Governor Jay Nixon (D) has committed to working with the state legislature to issue bonds to pay for repairs to the nearly 100-year-old State Capitol.
Nixon, several legislators, and members of the media on Monday afternoon toured parts of the Capitol basement where evidence of damage caused by water leaks could be seen.
Some state lawmakers have pushed for money to be invested in repairs to the Capitol for several years. Nixon said he is making the issue a priority this year because the state has paid off some of the state’s debt, and because the legislature last year increased the bonding authority for state buildings by $400-million.
“All we’re saying here, Senate, House, Democrat, Republican, is, that this building is a priority to us and as we approach that 100th anniversary we’re going to use that bonding authority granted by last year’s legislature to make this building safer, better, and more accessible for Missourians as well as a better place to work for folks that call this the place that they get their work done.”
Cathy Brown with the Office of Administration’s Division of Facilities Management led the tour and explained to the lawmakers and media members what they were seeing.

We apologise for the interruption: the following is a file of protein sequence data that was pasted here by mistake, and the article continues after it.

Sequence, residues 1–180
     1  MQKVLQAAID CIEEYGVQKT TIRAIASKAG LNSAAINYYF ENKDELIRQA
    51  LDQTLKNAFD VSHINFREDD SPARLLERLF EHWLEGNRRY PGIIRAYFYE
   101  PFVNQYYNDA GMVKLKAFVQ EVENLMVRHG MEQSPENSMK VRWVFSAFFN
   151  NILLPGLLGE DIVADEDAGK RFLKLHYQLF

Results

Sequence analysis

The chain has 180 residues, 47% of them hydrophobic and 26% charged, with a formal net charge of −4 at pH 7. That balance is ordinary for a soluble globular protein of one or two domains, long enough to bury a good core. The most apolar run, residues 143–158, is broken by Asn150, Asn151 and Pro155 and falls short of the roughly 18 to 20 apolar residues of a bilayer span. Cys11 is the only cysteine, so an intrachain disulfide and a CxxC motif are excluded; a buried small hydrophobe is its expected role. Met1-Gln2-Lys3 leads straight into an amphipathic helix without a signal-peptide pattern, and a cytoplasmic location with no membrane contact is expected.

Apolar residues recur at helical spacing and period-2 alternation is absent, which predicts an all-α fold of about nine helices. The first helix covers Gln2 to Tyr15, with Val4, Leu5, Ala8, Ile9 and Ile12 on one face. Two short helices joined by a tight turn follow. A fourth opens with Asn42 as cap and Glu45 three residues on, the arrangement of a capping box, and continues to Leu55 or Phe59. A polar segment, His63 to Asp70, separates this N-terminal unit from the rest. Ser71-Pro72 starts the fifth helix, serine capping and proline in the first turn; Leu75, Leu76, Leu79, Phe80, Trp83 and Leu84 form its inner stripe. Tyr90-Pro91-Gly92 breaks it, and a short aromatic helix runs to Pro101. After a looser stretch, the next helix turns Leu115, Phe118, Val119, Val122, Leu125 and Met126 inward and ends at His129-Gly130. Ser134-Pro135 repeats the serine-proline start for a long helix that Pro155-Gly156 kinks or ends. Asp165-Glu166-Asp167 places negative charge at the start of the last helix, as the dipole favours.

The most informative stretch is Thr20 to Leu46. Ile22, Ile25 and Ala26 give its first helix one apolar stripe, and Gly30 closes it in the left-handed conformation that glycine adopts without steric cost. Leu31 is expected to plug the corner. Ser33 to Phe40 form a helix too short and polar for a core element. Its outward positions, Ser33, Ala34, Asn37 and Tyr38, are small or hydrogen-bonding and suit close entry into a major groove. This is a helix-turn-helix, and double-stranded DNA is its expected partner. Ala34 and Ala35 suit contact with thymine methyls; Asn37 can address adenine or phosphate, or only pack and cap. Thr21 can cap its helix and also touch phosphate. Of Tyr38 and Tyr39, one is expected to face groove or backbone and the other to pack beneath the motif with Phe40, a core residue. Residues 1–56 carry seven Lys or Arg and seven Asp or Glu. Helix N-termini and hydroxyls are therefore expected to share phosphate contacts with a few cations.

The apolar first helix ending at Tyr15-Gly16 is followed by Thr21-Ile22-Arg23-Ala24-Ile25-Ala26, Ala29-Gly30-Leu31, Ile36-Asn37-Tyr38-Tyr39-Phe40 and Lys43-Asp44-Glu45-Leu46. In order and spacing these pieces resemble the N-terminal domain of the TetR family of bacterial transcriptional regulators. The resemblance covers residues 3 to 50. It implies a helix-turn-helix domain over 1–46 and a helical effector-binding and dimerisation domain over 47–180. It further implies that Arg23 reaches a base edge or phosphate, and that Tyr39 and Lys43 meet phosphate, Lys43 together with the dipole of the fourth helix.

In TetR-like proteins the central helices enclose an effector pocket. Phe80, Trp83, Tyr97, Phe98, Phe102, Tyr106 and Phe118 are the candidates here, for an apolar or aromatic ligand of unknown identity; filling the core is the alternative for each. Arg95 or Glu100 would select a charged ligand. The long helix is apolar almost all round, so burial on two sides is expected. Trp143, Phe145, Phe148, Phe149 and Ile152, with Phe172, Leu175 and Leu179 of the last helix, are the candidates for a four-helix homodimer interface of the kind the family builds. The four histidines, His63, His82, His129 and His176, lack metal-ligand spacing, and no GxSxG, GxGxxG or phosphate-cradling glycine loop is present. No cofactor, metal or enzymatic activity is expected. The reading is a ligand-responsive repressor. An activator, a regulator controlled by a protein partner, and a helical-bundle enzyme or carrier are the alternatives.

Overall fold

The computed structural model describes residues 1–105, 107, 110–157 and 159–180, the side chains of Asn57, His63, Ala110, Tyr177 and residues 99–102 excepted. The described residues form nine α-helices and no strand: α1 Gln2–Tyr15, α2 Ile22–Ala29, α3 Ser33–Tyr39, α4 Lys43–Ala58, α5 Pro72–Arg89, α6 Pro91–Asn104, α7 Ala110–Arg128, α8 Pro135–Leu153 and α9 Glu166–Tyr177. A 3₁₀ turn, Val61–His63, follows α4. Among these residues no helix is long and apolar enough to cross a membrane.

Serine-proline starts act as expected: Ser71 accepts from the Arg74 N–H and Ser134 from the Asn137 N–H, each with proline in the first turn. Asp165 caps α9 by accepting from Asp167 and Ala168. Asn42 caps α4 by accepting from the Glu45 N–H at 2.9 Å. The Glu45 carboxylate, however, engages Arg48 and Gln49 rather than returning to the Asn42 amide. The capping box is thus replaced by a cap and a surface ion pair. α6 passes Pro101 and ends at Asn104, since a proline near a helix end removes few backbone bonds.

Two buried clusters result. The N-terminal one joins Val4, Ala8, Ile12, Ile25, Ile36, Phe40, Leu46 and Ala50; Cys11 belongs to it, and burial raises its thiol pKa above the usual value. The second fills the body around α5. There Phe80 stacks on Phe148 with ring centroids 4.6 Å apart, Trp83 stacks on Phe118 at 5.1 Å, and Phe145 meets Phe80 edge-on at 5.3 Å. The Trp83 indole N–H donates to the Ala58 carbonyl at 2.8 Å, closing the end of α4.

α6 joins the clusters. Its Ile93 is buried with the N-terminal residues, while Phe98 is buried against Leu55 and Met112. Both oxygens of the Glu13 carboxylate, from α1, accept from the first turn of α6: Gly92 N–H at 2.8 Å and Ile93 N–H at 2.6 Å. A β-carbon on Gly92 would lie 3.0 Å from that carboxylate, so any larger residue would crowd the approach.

She said water damage is, “infiltrating the south steps, through the carriage drive, through the facade, through the walls,” and among other things has left the carriage drive unusable out of fear it can not support the weight of vehicles.
The governor’s office estimates that about $40-million dollars in exterior stonework repair is necessary, and up to another $35-million in other repairs and renovation projects might also be considered once the legislative session begins January 7.
“This is not something that’s the most popular subject to talk about but it’s also part of our infrastructure conversation and this is the people’s building,” said Senator Mike Kehoe (R-Jefferson City), “and if there’s anything we can pass on to generations to come, it is this building. It’s about to turn 100 years old and I think it’s very important that we address the issues to keep it going for the next 100 years.”
Nixon and lawmakers acknowledged there could be opposition to the bond issuance, but say the Capitol is important to the whole state.
“There’s always opposition from somebody for something all the time,” said Representative Tom Flanigan (R-Carthage), “but what you’ve got a Capitol building that belongs to the people of the state of Missouri, of which we all come from different corners of the state to serve the people of Missouri. You’ve got 40-thousand school kids that came through this building last year, and I think they deserve a safe tour of the building, and for future kids that follow them.”
See pictures from the tour of the Capitol basement, then statements from the Governor and several legislators, below: